Family Therapy and Parenting Coordination to Reduce Conflict

Co-parenting Interventions in High Conflict Cases

Posted Nov 20, 2012

As discussed in my last posting, divorced high conflict couples can be helped, with therapeutic interventions such as divorce education, family therapy, family mediation, and parenting coordination, to separate their former marital hostilities from their ongoing parental responsibilities, and to achieve amicable co-parenting arrangements. Some parents will enter into a cooperative co-parenting routine, while others will fare better within a parallel parenting approach, where their direct contact with each other is limited. Yet others will require specialized intervention and ongoing support to shield their children from their ongoing conflict.

Children’s needs for protection from parental conflict must be addressed before the establishment of any co-parenting arrangement after separation, and a full range of supports must be made available to parents in high conflict situations. Within these programs, children’s needs become a means of connecting the parents in a positive direction at a time when conflict has divided them.

Post-divorce Family Therapy. Social institutional support for parents in the implementation of a co-parenting plan is critical, particularly for high-conflict cases where children may be caught in the middle of disputes between parents.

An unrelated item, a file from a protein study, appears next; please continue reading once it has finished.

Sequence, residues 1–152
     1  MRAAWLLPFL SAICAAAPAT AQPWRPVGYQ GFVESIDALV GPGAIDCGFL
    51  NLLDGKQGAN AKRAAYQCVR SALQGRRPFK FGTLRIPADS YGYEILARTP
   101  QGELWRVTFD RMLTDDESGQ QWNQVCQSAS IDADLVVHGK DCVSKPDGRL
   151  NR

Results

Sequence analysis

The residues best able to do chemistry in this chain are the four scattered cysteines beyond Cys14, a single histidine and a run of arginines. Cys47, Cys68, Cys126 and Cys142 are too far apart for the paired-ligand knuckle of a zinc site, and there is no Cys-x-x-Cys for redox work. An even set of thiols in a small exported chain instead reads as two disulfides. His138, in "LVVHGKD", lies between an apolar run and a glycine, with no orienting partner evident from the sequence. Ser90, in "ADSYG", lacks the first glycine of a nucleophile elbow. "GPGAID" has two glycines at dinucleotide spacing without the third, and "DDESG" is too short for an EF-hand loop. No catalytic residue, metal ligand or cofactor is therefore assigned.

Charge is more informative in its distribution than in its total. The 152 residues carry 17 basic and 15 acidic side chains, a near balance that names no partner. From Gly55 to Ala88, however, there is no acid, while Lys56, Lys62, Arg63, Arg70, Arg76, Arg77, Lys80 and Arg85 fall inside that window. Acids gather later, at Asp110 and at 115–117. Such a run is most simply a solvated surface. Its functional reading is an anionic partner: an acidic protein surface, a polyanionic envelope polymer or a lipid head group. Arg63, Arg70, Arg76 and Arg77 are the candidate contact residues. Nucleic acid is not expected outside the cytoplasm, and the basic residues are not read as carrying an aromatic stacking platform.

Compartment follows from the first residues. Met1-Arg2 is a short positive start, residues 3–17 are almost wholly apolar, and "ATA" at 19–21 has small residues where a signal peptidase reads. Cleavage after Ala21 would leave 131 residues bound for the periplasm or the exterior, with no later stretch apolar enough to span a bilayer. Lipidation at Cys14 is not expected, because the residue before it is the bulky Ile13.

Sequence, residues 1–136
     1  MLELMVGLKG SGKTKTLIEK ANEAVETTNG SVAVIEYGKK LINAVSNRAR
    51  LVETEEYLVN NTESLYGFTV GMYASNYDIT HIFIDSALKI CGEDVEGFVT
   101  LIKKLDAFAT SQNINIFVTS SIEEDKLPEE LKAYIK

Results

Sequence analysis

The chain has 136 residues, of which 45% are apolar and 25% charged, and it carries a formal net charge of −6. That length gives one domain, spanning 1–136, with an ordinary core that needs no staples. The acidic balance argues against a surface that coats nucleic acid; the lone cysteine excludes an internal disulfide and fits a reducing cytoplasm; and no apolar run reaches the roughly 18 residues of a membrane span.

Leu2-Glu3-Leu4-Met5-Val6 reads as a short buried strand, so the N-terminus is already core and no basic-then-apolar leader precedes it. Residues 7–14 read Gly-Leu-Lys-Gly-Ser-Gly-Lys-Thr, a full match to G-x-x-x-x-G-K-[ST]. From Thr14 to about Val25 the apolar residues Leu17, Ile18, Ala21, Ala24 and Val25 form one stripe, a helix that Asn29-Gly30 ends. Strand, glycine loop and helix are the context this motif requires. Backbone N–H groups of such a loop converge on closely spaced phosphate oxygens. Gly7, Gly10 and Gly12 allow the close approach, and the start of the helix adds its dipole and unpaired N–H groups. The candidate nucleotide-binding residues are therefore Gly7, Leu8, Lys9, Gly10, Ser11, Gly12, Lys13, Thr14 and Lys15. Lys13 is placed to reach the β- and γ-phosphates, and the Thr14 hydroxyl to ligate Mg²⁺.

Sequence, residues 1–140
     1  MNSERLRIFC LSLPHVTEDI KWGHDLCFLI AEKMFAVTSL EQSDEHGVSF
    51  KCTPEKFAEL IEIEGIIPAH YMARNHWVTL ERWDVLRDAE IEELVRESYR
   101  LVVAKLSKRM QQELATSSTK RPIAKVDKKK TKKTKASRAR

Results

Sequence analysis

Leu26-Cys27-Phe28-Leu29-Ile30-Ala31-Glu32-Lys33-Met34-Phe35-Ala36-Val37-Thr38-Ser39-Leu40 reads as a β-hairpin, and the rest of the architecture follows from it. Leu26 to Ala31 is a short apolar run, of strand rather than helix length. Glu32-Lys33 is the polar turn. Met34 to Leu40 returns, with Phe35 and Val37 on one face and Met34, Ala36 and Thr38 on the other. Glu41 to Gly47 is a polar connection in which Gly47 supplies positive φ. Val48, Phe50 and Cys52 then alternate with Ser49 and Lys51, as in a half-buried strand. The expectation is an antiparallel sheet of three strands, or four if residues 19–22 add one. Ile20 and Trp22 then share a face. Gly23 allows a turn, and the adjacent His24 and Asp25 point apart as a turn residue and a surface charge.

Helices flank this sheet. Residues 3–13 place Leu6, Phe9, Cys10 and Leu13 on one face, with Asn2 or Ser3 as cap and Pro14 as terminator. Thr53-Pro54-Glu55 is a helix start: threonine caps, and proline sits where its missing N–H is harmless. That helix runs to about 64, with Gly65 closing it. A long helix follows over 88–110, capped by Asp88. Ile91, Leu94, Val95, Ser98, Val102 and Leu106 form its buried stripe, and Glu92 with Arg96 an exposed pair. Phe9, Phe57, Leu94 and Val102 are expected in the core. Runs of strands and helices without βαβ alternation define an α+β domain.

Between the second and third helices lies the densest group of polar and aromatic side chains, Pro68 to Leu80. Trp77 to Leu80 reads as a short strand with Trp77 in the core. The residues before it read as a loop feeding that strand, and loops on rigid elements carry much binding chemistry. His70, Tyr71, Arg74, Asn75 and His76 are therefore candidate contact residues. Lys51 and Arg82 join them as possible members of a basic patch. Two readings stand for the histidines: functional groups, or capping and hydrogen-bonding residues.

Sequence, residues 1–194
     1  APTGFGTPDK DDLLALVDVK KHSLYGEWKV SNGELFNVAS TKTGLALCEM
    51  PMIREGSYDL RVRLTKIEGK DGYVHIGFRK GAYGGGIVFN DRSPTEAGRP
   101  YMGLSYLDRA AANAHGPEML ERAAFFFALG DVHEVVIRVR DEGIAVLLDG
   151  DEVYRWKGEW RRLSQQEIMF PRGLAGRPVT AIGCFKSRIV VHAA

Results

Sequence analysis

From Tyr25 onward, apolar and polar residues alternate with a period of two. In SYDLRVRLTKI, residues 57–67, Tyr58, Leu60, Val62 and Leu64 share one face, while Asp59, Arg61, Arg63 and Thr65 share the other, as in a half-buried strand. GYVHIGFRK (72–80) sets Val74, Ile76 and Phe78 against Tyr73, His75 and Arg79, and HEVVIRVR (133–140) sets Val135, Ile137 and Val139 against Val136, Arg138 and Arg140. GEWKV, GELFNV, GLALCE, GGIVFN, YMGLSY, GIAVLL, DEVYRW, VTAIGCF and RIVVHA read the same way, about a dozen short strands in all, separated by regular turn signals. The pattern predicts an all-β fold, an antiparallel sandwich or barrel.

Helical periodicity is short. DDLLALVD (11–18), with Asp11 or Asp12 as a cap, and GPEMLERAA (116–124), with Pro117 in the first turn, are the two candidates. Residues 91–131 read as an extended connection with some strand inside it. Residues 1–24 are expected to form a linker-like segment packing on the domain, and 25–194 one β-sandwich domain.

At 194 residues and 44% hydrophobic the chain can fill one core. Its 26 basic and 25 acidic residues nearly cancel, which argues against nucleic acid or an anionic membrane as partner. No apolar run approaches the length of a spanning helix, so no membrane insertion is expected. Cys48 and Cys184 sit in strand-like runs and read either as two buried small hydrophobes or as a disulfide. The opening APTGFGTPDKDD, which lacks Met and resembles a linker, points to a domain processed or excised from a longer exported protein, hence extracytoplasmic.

Of all the strategies that can be used by divorcing parents to reduce the harmful effects of divorce on their children, the most important is the development and maintenance of a cooperative co-parenting relationship. Children’s adjustment post-divorce in a long-term co-parenting arrangement is facilitated by a meaningful routine relationship with each parent; an absence of hostile comments about the other parent; consistent, safe, structured, and predictable caregiving environments without parenting disruptions; healthy, caring, low-conflict relationships with each parent; and parents’ emotional health and well being. Any model of long-term support for high-conflict divorced families should focus on these factors to produce positive outcomes for children and their parents.

It is particularly important that hostility between parents be minimized following divorce. Currently, in cases where there is ongoing litigation between parents, children are at greater risk of emotional damage than in less contentious circumstances; in many cases, divorce does not end marital conflict, but exacerbates it. It is important that parents help their children see the good qualities in each of their parents, and that parents work toward the development of positive relationships with each other. An effective support system is instrumental in providing parents with the necessary skills to deal with co-parenting challenges: the central tenets of this system should be to reduce conflict, assure physical security, provide adequate support services to reduce harm to children and to enable the family to manage its own affairs. In order for such a system to be successful, allied professionals need to be supportive of a model that helps resolve family disputes and focuses on the welfare of the children.